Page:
Create an API Test

Last modified on June 10, 2021

To load test your web service, you first create an API test that would simulate behavior of one client and then create a load scenario to run this API test (possibly, in a combination with other API or UI tests) using multiple virtual users.

1. Create an API test

  1. On the Tests tab of the project screen, click Create Test and select API test from the menu. Alternatively, you can click Create Test > API Test on the toolbar:

    Create an API test - Step 1

    Click the image to enlarge it.

    This will invoke the API test editor.

  2. In the editor, click next to the test name and enter a new name. Press Enter to confirm the change:

    Rename API test
  3. Now, we can create test steps. Each test step is a request to the tested web service. Enter the step name, select the HTTP method for the request, specify the request URL, parameters (if needed), and other settings:

    API test - Request data

    Click the image to enlarge it.

    Click Send to check if the request works and if the tested service responds to it.

    If the response has data to be used in a subsequent request, you can extract this value to a variable. See how it works.

    If needed, you can also create one or multiple validations to check the response data and response time.

  4. Add more requests to your test. Often, a test corresponds to some user procedure, so you may want to add all requests of that procedure.

  5. When you are done, run the test to check if it works as expected:

    Run an API test

    LoadNinja will report errors, if any (see below on how LoadNinja detects if a test failed or not).

  6. If the API test has been completed successfully, save it and start working on the load scenario.

    To save the test, select File > Save from the menu at the top left corner of the editor or click one of the Save buttons in the message that LoadNinja displays at the end of the test run:

    Save API test
    Message at the end of the test run

2. Create a load scenario

  1. In LoadNinja, you can create a new load scenario in different ways. See Scenarios for details.

    One of the easiest ways is to click Save and Run Load Test in the message box that the API test editor shows at the end of the test run (see above).

  2. In the scenario editor:

    • If your API test is not yet in the scenario for some reason, click Add Tests and add your API test to the scenario:

      Add an API test to a load scenario

      Click the image to enlarge it.

      You can add multiple API tests to your load scenario.

      Currently, it is not allowed to mix API and UI tests in one scenario. If you already have UI tests in your scenario, you need to remove them all in order for you to be able to add API tests to that scenario.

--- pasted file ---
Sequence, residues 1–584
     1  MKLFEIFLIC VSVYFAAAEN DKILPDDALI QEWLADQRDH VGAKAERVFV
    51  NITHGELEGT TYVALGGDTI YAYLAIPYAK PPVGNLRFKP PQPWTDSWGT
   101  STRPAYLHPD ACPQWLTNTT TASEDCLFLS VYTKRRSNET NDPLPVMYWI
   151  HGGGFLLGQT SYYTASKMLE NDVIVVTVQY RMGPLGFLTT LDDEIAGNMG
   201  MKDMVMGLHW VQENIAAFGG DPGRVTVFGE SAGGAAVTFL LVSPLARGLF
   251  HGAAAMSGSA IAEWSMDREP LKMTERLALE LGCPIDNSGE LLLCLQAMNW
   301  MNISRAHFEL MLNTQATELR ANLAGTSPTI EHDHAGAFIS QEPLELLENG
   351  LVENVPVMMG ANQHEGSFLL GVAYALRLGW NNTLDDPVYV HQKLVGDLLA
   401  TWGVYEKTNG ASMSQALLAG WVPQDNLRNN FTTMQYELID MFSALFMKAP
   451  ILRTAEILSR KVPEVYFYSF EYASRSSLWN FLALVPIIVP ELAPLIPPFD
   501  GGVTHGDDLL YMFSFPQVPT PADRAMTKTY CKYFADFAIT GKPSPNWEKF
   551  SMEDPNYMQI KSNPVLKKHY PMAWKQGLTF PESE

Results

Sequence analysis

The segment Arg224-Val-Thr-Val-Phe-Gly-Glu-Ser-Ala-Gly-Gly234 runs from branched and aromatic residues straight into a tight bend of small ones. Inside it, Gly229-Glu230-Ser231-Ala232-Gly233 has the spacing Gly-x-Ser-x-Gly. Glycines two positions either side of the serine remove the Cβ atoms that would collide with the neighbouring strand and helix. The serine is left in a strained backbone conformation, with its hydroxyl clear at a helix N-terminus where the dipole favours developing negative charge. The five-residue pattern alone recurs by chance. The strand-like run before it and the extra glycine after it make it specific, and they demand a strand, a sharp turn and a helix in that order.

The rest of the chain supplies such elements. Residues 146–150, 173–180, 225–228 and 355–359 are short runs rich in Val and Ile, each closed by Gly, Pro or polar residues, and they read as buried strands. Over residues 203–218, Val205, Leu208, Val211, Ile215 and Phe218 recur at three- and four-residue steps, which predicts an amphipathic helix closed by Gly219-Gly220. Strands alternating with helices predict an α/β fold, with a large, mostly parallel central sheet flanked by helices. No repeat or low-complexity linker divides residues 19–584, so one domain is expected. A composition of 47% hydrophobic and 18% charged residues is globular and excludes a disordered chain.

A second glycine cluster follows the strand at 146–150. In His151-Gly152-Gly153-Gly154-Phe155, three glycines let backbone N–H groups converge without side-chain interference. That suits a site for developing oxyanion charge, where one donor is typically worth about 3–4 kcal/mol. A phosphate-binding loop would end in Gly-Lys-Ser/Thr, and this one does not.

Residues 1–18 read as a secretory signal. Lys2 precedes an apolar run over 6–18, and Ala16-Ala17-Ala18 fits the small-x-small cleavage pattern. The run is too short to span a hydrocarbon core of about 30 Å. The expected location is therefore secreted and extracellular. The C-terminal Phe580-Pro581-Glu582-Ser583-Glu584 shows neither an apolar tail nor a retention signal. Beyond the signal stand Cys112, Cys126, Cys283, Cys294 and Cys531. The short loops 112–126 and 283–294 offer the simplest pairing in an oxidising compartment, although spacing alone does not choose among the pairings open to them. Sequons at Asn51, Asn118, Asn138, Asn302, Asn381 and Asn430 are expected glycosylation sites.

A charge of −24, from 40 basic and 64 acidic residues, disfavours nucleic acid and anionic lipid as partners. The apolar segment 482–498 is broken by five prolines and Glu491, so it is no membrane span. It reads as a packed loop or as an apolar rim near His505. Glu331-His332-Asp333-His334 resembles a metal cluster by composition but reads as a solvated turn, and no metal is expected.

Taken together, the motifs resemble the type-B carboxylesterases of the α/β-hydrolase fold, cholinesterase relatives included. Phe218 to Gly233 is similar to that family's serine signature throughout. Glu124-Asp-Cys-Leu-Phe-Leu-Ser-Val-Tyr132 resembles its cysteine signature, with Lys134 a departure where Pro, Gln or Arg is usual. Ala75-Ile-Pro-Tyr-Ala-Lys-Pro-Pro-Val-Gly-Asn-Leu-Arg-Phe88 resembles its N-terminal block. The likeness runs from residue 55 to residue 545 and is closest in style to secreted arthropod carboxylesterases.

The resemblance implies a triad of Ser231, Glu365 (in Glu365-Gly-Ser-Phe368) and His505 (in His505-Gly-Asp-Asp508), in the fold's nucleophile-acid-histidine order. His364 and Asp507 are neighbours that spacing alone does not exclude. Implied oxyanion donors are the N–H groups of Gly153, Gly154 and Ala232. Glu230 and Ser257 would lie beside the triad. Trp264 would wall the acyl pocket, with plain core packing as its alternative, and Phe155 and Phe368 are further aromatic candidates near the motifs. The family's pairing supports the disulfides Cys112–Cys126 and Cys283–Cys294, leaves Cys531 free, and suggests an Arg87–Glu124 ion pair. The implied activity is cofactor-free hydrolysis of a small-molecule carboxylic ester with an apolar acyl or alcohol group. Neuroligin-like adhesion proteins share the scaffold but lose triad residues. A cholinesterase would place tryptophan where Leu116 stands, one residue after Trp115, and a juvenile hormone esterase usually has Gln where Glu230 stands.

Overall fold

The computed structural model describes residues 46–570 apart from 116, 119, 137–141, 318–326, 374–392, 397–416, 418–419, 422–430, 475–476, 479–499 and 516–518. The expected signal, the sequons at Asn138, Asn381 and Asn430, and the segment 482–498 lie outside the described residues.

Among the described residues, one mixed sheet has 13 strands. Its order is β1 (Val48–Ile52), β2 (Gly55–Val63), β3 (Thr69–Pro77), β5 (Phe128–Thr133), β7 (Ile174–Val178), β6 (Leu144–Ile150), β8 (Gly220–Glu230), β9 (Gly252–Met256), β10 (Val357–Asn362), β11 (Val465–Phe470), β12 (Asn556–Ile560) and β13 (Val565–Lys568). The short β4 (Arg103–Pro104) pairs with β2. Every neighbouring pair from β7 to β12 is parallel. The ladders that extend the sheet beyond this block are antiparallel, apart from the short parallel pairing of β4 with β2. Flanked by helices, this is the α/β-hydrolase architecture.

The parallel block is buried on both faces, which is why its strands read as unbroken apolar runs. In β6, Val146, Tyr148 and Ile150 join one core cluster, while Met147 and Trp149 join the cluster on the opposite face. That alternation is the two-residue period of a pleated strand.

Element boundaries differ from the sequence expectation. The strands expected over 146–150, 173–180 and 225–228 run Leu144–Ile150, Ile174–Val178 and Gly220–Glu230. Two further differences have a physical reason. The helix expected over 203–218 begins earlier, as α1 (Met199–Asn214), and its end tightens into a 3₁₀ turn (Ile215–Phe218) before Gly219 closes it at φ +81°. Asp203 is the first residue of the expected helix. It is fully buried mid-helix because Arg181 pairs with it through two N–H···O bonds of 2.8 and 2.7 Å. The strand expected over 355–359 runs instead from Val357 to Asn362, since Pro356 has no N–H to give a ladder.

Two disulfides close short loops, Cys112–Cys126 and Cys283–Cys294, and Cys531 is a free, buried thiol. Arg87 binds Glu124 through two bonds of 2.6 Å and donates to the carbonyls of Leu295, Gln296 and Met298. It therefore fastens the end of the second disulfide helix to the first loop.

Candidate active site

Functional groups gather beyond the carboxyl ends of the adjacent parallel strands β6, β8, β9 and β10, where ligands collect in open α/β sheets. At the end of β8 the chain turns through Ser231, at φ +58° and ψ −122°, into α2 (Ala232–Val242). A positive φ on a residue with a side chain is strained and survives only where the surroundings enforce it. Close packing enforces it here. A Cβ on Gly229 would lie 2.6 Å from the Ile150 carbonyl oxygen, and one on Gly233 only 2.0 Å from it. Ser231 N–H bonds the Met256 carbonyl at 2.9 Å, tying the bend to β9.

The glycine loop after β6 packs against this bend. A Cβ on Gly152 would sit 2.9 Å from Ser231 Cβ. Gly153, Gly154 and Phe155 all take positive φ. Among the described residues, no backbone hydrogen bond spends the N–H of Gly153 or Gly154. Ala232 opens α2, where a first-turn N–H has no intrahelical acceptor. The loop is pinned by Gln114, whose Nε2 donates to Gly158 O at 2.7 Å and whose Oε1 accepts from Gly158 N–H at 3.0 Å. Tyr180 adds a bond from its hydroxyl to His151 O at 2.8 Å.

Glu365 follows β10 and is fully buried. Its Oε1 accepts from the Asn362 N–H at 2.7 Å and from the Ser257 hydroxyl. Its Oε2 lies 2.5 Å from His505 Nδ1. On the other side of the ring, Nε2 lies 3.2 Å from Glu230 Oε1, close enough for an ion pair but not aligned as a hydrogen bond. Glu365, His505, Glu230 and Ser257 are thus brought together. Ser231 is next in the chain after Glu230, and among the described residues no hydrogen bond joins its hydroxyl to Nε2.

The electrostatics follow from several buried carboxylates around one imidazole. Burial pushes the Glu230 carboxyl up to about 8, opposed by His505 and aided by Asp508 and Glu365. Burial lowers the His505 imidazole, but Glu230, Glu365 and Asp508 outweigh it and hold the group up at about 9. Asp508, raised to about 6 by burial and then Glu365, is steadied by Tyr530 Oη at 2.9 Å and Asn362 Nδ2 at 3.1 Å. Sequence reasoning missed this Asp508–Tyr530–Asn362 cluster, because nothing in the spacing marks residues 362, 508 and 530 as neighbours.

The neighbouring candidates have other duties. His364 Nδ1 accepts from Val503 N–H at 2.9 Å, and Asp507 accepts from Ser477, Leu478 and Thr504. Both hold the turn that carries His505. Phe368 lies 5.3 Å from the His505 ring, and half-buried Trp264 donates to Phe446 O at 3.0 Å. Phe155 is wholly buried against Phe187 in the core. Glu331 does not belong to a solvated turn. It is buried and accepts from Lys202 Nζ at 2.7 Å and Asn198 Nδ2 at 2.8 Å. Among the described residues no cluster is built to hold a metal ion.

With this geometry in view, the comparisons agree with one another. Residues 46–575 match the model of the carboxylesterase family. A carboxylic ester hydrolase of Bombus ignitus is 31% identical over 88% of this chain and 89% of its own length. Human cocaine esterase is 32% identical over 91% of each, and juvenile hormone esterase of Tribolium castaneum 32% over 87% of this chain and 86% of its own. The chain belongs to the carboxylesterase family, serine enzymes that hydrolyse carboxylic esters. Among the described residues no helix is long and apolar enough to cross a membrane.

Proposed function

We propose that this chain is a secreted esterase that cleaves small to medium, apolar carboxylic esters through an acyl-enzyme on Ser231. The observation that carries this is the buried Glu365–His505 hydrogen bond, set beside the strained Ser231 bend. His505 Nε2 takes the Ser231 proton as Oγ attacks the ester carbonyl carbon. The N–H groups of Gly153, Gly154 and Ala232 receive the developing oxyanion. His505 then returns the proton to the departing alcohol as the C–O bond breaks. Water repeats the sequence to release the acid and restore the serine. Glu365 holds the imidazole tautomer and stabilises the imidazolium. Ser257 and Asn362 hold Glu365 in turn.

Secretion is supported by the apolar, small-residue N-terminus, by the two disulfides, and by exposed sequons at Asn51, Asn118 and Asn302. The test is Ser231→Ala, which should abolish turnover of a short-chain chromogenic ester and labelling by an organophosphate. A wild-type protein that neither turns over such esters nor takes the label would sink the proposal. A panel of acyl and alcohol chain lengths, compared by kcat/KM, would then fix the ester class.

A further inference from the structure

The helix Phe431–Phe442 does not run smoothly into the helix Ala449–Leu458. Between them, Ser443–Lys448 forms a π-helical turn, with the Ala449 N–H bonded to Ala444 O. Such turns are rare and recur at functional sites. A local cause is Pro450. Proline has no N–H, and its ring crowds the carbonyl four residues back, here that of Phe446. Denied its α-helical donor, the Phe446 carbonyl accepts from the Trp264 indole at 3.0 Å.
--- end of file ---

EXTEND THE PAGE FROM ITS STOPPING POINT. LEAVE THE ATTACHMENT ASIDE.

• Then, specify the virtual user number, select the server location, log configuration, and playback parameters. See Scenarios for details.

      If you created load scenarios with UI tests, you will find the process very similar.

3. Run the test

After you finished configuring the load scenario, click Save and Run at the top right corner of the scenario editor:

Run a load test

Click the image to enlarge it.

Initially, on the test start, you will see the timer. While this timer is on the screen, LoadNinja is allocating the cloud machines needed for simulating requests and preparing virtual users.

After these preparatory steps, you will be able to monitor the progress of your load test in real time.

Monitoring the test run

Click the image to enlarge it.

After the test run is over, you can analyze the results. For more information on this and on the charts and tables available, see Test Results.

Success criteria

To mark the test failed or successful, the test engine checks if every simulated request is completed successfully or not. If at least one request fails, the entire test is considered to be failed. If all requests are completed successfully, then the test run is considered to be successful.

To determine if a request failed or passed, the test engine checks the response status and validations defined for that request:

  • All status codes in the range 300…400…599 are considered as errors. All other response codes, for instance, 200, are treated as success.

    There are few exceptions though. The following codes –

    • 301, 302, 303, 306
    • 401, 403

    – can be treated as errors or success depending on the settings of your test.

  • If any validation fails, then the request is considered as failed regardless of the response code.

    In other words, in order for a request to pass successfully, its response code should indicate success, and all assigned validations should pass.

See Also

API Tests
Validations
Variables

Highlight search results